Sidney Poitier: “The Sir” Whom The Whole World Loved

Sidney Poitier: “The Sir” Whom The Whole World Loved

English singer-actress Lulu was the first to say it to Sidney Poitier. “If you wanted the sky I’d write across the sky in letters that would soar a thousand feet high; To Sir, With Love,” she sung in the eponymously-titled 1967 film starring Poitier as a Black teacher righting racial discrimination in a British inner city school.

Generations to come would later bow to the thespian qualities of Poitier, the Bahamian-American actor who rose from the school master he played on screen to become a real-life “Sir” earning the English order of knighthood. He was also the first Black to win an Oscar and had more than 50 films to his name over a 70-year career in nearly a century of living.

“It is with great sadness that I learned this morning of the passing of Sir Sidney Poitier,” Bahamas Prime Minister Philip Davis said after the death of the 94-year-old was known on January 7, 2022.

Poitier’s demise came a week after the death of another nonagenarian actor loved by America — Betty White of television’s “Golden Girls” fame — who famously rejected attempts in the 1950s to keep a Black dancer off her show during the days of segregation.

Poitier himself was Hollywood’s first Black matinee idol, who helped open the door for other African-American actors.

“To Sir… with Love Sir Sidney Poitier R.I.P. He showed us how to reach for the stars,” comedic actor Whoopi Goldberg, another Black icon of Hollywood and an Oscar winner herself, wrote on Twitter, quoting the words from Lulu’s song.

Sidney Poitier with, from left, Katharine Houghton, Katharine Hepburn and Spencer Tracy in “Guess Who’s Coming to Dinner” (1967). He played a doctor whose race tests the liberal principles of his prospective in-laws. (Photo: Columbia Pictures)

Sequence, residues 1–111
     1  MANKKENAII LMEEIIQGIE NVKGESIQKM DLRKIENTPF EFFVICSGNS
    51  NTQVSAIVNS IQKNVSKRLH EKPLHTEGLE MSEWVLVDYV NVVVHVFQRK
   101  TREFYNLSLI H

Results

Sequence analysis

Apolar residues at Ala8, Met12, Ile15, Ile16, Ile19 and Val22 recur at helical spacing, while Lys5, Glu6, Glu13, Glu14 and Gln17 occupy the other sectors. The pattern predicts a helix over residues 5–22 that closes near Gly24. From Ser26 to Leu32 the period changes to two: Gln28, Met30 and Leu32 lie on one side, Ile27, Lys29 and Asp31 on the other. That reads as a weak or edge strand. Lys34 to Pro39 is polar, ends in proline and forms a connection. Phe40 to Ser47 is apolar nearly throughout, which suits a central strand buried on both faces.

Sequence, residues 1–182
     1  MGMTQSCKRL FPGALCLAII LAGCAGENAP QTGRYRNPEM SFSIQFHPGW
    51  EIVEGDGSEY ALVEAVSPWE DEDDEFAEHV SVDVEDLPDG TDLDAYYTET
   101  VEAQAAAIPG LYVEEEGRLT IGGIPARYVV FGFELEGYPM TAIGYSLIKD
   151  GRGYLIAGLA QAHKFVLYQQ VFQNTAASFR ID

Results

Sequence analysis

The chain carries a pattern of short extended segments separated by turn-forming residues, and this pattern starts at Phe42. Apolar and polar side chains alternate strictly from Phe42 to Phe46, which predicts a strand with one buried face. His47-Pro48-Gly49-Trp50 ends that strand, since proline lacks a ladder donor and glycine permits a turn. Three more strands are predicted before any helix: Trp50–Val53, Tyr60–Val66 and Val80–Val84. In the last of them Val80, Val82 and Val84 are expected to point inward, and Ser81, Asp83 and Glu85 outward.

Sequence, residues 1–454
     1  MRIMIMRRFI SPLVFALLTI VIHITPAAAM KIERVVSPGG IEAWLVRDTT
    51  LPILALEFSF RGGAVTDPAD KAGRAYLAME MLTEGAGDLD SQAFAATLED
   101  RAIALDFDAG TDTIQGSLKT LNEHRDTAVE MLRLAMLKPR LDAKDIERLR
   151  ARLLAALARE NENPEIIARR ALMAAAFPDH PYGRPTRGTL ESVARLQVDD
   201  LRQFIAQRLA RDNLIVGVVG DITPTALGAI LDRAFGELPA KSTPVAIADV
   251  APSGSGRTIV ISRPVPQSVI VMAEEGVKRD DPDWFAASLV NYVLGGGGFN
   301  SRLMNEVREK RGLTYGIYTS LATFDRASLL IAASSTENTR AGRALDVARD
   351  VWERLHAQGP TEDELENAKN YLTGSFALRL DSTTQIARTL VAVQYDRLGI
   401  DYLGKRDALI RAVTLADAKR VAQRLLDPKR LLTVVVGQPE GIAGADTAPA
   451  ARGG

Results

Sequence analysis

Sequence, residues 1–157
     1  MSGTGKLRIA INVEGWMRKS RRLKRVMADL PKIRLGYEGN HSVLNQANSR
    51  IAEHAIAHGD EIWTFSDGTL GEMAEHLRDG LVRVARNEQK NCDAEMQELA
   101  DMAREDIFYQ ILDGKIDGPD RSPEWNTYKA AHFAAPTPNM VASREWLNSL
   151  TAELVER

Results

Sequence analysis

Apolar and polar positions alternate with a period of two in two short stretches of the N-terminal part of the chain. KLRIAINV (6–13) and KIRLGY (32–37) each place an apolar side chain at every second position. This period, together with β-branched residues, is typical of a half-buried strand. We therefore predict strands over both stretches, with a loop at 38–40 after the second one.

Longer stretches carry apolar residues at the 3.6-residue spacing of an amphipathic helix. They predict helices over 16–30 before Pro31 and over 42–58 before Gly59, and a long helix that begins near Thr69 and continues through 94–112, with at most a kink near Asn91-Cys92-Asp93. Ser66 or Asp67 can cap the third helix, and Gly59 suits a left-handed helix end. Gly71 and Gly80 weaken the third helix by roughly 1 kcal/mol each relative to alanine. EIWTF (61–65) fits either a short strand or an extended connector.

Poitier was born in Miami on Feb. 20, 1927, and raised on a tomato farm in the Bahamas, and had just one year of formal schooling. He struggled against poverty, illiteracy and prejudice to become one of the first Black actors to be known and accepted in major roles by mainstream audiences.

Poitier picked his roles with care, burying the old Hollywood idea that Black actors could appear only in demeaning contexts as shoeshine boys, train conductors and maids.

“It’s a choice, a clear choice,” Poitier said of his film parts in a 1967 interview. “If the fabric of the society were different, I would scream to high heaven to play villains and to deal with different images of Negro life that would be more dimensional. But I’ll be damned if I do that at this stage of the game.”

Although often simmering with repressed anger, his characters responded to injustice with quiet determination. They met hatred with reason and forgiveness, sending a reassuring message to white audiences and exposing Poitier to attack as an Uncle Tom when the civil rights movement took a more militant turn in the late 1960s.

“I love you, I respect you, I imitate you,” Denzel Washington, another Oscar winner, once told Poitier at a public ceremony.

Poitier created a distinguished film legacy in a single year with three 1967 films at a time when segregation prevailed in much of the United States.

Sidney Poitier played a Philadelphia detective and Rod Steiger played a bigoted Mississippi sheriff in “In the Heat of Night,” one of three hit films in which Poitier appeared in 1967. (Photo: Mirisch/United Artists, The Kobal Collection)

In “Guess Who’s Coming to Dinner” he played a Black man with a white fiancee and “In the Heat of the Night” he was Virgil Tibbs, a Black police officer confronting racism during a murder investigation. He also played a teacher in a tough London school that year in “To Sir, With Love.”

Poitier had won his history-making best actor Oscar for “Lilies of the Field” in 1963, playing a handyman who helps German nuns build a chapel in the desert. Five years before that Poitier had been the first Black man nominated for a lead actor Oscar for his role in “The Defiant Ones.”